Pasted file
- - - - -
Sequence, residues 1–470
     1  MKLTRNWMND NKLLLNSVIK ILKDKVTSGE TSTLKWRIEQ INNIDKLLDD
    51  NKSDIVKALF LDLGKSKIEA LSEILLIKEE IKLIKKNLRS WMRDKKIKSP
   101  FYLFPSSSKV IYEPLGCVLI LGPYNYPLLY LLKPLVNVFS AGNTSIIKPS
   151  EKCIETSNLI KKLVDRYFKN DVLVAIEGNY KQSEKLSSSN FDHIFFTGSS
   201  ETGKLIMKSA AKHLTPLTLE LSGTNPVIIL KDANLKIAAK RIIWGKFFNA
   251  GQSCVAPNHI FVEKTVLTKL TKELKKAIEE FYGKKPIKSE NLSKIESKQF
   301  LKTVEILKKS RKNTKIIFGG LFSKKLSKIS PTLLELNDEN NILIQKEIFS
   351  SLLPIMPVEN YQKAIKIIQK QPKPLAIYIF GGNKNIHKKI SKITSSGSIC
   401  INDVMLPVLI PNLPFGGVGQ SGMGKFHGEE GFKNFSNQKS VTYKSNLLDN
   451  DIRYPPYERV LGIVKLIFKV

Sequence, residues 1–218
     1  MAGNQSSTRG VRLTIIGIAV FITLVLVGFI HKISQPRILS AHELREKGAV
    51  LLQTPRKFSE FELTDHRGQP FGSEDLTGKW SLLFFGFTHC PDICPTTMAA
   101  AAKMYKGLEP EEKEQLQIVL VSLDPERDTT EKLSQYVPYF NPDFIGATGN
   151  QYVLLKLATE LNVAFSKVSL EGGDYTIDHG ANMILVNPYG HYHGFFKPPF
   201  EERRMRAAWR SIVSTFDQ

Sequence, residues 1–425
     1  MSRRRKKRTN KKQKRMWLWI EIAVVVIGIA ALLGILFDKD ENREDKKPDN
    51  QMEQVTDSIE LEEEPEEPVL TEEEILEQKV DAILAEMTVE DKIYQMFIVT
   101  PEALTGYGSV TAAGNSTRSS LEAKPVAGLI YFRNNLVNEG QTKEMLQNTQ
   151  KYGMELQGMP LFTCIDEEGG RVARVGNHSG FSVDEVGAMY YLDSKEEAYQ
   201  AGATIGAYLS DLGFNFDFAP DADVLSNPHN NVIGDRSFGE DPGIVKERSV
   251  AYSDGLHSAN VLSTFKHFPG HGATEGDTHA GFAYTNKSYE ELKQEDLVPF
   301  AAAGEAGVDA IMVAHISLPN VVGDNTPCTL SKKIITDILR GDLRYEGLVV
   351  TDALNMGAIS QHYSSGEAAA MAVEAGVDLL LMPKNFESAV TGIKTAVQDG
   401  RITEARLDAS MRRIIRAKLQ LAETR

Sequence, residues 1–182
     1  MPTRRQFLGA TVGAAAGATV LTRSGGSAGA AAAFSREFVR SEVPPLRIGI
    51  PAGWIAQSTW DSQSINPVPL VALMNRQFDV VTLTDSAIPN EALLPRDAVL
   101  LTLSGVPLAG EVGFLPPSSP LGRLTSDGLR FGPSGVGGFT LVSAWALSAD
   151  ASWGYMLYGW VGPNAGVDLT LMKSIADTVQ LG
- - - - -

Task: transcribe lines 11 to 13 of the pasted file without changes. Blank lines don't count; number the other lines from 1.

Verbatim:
   451  DIRYPPYERV LGIVKLIFKV

Sequence, residues 1–218
     1  MAGNQSSTRG VRLTIIGIAV FITLVLVGFI HKISQPRILS AHELREKGAV